A Tokyo Power Garden
You’ve heard of the power lunch, power walk, and power nap, right? Well, Koishikawa Korakuen is a power garden. It was commissioned in the 17th Century by a member of the ruling Tokugawa clan. The name means “the garden for enjoying power later on”, at least according to the Tokyo Parks website.
Like Rikugien, this garden is organized around a central pond featuring an island. Its 18 acres are full of miniature representations of landscapes both real and derived from literature.
It did rain for a bit when we first arrived. Koishikawa Korakuen is located right next to a the Tokyo Dome and an amusement park. You can see part of a roller coaster in this picture. Now and then music and the sound of roller coaster cars with their shrieking riders drifted into the garden. The Tokugawas would not approve.
We missed the Lotus blossoms but the dried seed heads are quite interesting, don’t you think?
I loved the old trees, their mossy bark shows plenty of character.
The garden was home to quite a few aquatic birds.
On one side of the island there is a rock formation (to the left) that is supposed to represent the head of a turtle. I don’t see it myself.
This was a popular spot for drawing, taking pictures, or just contemplating.
On this side of the island you can see a stone lantern and what I think is a shrine, painted bright red.
One thing this garden has that you won’t find at Rikugien is a little rice paddy, complete with scarecrows. I thought this scarecrow was particularly artistic and full of personality. Nice fashion sense, too.
The idea of including a small patch of grain in a garden is appealing. The netting is to keep the grains of rice safe from the birds.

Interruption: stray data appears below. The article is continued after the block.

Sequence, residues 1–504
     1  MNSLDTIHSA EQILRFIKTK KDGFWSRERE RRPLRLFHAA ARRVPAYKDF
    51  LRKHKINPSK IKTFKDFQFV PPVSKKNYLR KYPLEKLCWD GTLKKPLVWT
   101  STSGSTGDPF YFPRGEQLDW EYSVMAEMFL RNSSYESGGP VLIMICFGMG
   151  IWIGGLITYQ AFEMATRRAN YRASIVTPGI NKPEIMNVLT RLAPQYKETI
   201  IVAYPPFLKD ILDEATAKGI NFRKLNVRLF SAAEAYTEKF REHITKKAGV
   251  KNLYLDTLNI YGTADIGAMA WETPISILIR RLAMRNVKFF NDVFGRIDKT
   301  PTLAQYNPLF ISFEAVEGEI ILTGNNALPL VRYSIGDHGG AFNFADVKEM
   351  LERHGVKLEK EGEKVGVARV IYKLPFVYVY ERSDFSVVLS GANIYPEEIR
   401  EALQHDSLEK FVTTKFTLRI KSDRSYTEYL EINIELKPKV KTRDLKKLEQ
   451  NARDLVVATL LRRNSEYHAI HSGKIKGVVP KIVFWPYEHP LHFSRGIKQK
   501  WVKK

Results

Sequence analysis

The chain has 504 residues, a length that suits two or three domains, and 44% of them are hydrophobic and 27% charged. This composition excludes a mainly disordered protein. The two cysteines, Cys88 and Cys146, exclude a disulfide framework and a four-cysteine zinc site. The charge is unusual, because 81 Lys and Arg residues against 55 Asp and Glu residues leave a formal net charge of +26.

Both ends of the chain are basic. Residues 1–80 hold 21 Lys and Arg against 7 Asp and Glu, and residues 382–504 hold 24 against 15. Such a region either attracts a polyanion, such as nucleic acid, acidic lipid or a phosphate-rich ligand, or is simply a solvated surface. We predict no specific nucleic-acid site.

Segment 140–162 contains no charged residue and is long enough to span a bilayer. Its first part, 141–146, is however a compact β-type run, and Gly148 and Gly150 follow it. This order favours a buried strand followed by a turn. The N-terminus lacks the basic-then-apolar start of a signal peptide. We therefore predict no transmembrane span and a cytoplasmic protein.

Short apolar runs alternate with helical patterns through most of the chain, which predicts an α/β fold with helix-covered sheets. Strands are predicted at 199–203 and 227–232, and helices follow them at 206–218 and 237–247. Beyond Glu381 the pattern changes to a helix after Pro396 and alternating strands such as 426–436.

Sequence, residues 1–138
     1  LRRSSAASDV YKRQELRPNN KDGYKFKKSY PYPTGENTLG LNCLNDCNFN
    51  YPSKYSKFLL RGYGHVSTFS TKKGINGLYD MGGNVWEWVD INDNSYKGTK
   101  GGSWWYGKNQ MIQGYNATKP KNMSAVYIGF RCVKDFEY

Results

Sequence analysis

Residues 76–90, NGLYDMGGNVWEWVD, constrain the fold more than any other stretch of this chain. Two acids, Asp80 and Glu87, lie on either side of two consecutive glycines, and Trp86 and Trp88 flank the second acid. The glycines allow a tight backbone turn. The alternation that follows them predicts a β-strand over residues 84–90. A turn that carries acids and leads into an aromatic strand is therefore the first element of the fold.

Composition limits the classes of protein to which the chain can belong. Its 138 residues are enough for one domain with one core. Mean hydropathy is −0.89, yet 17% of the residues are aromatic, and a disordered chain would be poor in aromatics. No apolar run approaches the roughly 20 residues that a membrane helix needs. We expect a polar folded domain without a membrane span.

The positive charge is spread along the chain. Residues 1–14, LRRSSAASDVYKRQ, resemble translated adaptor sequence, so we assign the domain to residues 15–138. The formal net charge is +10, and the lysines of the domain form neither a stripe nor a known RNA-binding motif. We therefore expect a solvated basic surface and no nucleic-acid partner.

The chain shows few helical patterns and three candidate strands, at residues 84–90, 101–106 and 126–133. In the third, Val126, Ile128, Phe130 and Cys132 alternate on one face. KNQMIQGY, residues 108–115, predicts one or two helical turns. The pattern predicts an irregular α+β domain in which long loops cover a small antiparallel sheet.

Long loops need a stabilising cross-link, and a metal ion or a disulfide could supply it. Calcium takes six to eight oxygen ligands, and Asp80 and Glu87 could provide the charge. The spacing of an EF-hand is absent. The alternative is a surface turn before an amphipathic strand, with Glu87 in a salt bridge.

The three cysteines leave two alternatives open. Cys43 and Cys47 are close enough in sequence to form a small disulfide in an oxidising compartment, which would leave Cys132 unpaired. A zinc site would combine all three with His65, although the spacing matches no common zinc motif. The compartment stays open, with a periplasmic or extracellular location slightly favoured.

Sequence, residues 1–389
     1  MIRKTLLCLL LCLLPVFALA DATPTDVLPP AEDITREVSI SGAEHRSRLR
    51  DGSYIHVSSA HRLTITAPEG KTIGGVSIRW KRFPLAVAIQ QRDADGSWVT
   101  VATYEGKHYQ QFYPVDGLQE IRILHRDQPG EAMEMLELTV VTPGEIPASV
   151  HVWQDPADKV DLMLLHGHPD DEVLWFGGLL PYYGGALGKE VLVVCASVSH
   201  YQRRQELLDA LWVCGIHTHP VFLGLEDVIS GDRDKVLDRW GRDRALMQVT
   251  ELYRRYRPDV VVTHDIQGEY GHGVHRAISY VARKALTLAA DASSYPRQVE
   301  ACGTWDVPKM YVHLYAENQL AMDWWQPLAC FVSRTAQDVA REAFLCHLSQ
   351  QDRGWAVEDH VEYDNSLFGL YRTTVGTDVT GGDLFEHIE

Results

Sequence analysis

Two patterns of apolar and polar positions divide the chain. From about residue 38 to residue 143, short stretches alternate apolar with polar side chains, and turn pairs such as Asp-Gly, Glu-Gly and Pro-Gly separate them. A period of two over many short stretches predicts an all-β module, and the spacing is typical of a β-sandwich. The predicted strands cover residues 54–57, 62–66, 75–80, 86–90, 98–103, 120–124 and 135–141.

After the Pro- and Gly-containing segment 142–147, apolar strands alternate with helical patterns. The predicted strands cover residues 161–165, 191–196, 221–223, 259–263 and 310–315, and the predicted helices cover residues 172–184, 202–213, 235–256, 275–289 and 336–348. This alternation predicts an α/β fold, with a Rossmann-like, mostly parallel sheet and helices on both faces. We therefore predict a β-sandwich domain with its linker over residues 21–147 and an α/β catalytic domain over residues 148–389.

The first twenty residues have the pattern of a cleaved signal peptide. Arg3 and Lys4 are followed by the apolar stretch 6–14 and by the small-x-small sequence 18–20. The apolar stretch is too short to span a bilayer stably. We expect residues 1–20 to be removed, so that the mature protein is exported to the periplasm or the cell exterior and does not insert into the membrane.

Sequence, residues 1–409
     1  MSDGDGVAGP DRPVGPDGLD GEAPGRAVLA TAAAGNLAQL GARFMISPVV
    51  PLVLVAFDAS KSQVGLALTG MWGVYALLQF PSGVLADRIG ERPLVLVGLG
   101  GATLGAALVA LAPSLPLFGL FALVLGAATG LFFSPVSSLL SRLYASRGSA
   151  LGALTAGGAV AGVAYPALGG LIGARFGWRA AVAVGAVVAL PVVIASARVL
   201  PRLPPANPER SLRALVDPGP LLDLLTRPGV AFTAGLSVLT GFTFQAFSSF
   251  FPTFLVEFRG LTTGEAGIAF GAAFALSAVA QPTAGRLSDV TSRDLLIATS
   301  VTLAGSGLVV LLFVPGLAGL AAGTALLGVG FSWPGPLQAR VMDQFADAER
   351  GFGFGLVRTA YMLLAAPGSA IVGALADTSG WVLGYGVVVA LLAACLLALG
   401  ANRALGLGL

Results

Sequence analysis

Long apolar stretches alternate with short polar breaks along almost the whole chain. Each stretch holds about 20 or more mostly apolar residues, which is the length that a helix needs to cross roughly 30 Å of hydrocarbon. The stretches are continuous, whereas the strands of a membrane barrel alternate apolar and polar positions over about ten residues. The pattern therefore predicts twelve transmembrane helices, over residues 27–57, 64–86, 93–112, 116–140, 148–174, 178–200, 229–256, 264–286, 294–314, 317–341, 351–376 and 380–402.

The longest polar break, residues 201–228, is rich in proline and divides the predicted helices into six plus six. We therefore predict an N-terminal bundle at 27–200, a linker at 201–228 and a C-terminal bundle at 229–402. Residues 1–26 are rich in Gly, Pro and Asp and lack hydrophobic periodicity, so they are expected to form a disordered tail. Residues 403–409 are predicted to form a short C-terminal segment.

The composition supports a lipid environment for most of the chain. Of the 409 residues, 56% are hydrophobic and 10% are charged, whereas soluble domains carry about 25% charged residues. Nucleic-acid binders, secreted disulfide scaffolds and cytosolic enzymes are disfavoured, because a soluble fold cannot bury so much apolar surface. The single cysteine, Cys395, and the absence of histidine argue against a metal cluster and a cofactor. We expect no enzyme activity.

This channeled stream has a dreamy quality.
One of the things I don’t like so much about these Japanese stroll gardens is all the space devoted to closely clipped lawn. Personally, I think it’s boring. Moss, stone, or ground covers would be preferable. The lawns must be a lot of work to maintain and frankly, I don’t think they have the resources to do it right. If you look closely you can see lots of weeds and ragged edges.
The one flower that could be found in abundant bloom during our visit was Red Spider Lily (Lycoris radiata). Behind this patch of Spider Lily you can see the Full Moon Bridge, which originated as an element in Chinese gardens.
Here’s a closer look at the bridge.
Another old tree with lots of character.
This slope is supposed to represent Mt. Atago in the old capitol city of Kyoto.
A path through the woods.
In one corner of the garden there is a second, smaller pond. It’s full of water lilies (just starting to bloom) and has its own island.
Back into the woods we went.
And came upon this bridge, painted an almost shocking orange. It provides a visual wake-up call after all the restful green.
If you keep going you see an artificial river traversed by a bridge fringed with live green.
You can also cross via a stepping stone path.
Which provides a view from below of the bridge you just crossed.
The Tokugawa were stern rulers, but they could appreciate a nice garden. This is the last of the Tokyo gardens from our trip. There is more to come, however, including our stays in Kyoto and Kanazawa.
However, that’s all for right now.
This garden seem a bit unusual. What with the shocking orange bridge, rice and scarecrows. The scarecrow looks more like a sculpture it looks so real.
It is amazing to me that every tree, shrub etc seems to be manicured. I just read the book _Cutting Back_ by Leslie Buck. She writes about her apprenticeship in the gardens of Kyoto. It is an interesting read. Since you may have been through some of the gardens she talks about you might like to read it too if you haven’t already.